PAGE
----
Love and Terror in the God Encounter: The Theological Legacy of Rabbi Joseph B. Soloveitchik, Volume 1

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Jewish Lights Pub., 2001 - Religion - 240 pages

The intellectual legacy of one of the twentieth century's greatest religious thinkers--explained by a leading theologian of our day.

"It is only through experiencing the contradictions in human existence, through being overwhelmed by the divine presence, through the finite human being feeling terror-stricken by the infinite majesty of God that one can develop an authentic religious personality."
--David Hartman (From Chapter 6)

Rabbi Joseph B. Soloveitchik (1903-1993) profoundly influenced modern Orthodox Judaism in the United States--and Judaism as a whole--by opening up a discourse between the tradition of Torah study and Western philosophical thought. The future of both religious Zionism in Israel and of Orthodoxy in America hangs to a great extent on how we interpret his intellectual legacy. Dr. David Hartman's penetrating analysis of Rabbi Soloveitchik's work reveals a Judaism committed to intellectual courage, integrity and openness.

A renowned theologian and philosopher, Hartman meticulously explores the subtlety and complexity of Rabbi Soloveitchik's theological thought, exposing a surprising intersection of halakhic tradition and modern Western theology--a confrontation that deepens and expands our spiritual understanding. Hartman's provocative interpretation bears witness to the legitimacy of remaining loyal to the Judaic tradition without sacrificing one's intellectual freedom and honesty.

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Rabbi J.B. Soloveitchik (1903-93), known as "the Rav," was the most prominent leader of modern Orthodox Judaism. Traditional Judaism was the basis of his education, and, upon arriving in the United ... Read full review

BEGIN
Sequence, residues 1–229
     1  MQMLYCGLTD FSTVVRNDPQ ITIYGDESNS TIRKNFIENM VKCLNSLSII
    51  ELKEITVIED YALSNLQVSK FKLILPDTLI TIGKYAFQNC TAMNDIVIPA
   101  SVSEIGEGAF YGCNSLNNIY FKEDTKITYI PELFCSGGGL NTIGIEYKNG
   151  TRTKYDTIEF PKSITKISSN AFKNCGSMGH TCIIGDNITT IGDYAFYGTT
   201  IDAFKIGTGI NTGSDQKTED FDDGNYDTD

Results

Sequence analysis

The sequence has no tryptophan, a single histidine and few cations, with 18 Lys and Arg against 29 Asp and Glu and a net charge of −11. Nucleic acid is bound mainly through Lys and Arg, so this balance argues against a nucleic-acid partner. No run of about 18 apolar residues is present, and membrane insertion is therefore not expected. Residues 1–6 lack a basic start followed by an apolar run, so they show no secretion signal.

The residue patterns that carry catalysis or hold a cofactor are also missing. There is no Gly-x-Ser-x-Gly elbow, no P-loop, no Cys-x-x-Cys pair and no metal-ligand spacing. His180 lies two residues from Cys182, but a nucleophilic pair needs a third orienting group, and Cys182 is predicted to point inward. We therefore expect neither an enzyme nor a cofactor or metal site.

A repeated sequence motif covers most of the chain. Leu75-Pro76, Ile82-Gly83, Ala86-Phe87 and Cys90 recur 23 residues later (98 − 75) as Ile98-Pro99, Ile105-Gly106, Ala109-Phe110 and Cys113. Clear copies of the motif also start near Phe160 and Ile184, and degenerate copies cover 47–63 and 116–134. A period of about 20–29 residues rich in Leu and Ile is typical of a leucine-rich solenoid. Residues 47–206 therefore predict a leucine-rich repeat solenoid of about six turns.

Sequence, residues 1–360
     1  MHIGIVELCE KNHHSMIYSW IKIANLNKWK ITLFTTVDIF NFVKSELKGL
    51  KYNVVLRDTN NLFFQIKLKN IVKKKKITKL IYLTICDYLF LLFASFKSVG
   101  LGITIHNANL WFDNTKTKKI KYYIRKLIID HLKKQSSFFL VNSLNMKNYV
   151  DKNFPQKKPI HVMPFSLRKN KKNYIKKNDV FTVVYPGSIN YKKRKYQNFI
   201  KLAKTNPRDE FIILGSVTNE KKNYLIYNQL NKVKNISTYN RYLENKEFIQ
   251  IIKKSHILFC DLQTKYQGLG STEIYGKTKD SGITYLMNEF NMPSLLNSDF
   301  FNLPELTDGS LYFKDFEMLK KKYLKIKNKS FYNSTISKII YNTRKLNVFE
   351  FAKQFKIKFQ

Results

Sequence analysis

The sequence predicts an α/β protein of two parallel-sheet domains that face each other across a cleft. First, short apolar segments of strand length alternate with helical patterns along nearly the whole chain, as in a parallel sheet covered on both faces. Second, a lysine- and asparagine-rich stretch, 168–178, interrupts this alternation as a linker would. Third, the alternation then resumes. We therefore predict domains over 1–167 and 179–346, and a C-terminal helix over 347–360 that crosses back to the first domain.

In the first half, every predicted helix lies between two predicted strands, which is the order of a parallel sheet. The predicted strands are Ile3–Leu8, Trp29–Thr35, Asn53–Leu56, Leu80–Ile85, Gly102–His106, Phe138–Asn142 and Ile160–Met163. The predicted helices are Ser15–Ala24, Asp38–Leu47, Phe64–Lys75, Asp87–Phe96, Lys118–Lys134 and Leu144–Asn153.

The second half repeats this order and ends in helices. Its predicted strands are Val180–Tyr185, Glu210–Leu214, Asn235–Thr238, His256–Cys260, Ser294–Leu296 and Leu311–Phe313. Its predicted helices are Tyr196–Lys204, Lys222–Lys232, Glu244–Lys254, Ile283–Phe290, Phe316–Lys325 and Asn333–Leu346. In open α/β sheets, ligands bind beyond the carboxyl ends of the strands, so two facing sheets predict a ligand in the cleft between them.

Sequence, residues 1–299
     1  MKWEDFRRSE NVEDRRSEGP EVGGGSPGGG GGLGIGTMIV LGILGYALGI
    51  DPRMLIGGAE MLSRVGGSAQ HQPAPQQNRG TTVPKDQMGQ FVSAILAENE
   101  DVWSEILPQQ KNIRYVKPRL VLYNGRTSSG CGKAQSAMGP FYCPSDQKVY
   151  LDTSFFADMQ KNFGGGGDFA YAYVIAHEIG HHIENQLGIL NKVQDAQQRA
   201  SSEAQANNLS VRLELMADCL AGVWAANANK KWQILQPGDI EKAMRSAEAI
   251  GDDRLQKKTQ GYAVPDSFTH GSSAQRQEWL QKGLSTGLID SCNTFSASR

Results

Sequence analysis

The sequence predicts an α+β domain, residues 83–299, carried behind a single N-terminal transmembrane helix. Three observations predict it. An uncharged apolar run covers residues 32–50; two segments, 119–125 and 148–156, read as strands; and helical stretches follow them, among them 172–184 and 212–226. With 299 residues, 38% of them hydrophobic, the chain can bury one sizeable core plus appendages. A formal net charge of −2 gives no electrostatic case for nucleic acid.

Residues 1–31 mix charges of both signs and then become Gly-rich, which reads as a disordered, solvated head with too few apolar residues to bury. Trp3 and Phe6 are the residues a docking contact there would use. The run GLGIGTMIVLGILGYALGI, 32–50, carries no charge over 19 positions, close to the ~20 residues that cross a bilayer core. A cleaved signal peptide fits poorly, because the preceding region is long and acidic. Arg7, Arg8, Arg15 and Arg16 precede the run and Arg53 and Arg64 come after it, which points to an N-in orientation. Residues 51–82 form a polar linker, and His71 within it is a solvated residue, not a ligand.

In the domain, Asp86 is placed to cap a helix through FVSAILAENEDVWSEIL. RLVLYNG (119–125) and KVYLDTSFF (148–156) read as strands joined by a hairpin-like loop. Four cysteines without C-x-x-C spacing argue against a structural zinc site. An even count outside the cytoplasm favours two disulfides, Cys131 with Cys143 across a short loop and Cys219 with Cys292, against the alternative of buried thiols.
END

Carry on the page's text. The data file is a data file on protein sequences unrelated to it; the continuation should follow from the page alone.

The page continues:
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About the author (2001)

A world-renowned philosopher and social activist, Dr. David Hartman ( z"l ) was the founder and president emeritus of the Shalom Hartman Institute in Jerusalem. Named after his late father, the Institute is dedicated to developing a new understanding of classical Judaism that provides moral and spiritual direction for Judaism's confrontation with modernity. Formerly professor emeritus at Hebrew University in Jerusalem, he received his rabbinic ordination from Yeshiva University's theological seminary in New York City. He is the author of many award-winning books, including From Defender to Critic: The Search for a New Jewish Self ; The God Who Hates Lies: Confronting and Rethinking Jewish Tradition ; A Heart of Many Rooms: Celebrating the Many Voices within Judaism , finalist for the National Jewish Book Award and a Publishers Weekly "Best Book of the Year"; and Love and Terror in the God Encounter: The Theological Legacy of Rabbi Joseph B. Soloveitchik (all Jewish Lights). His classic works A Living Covenant: The Innovative Spirit in Traditional Judaism (Jewish Lights) and Maimonides: Torah and Philosophic Quest both were winners of the National Jewish Book Award.

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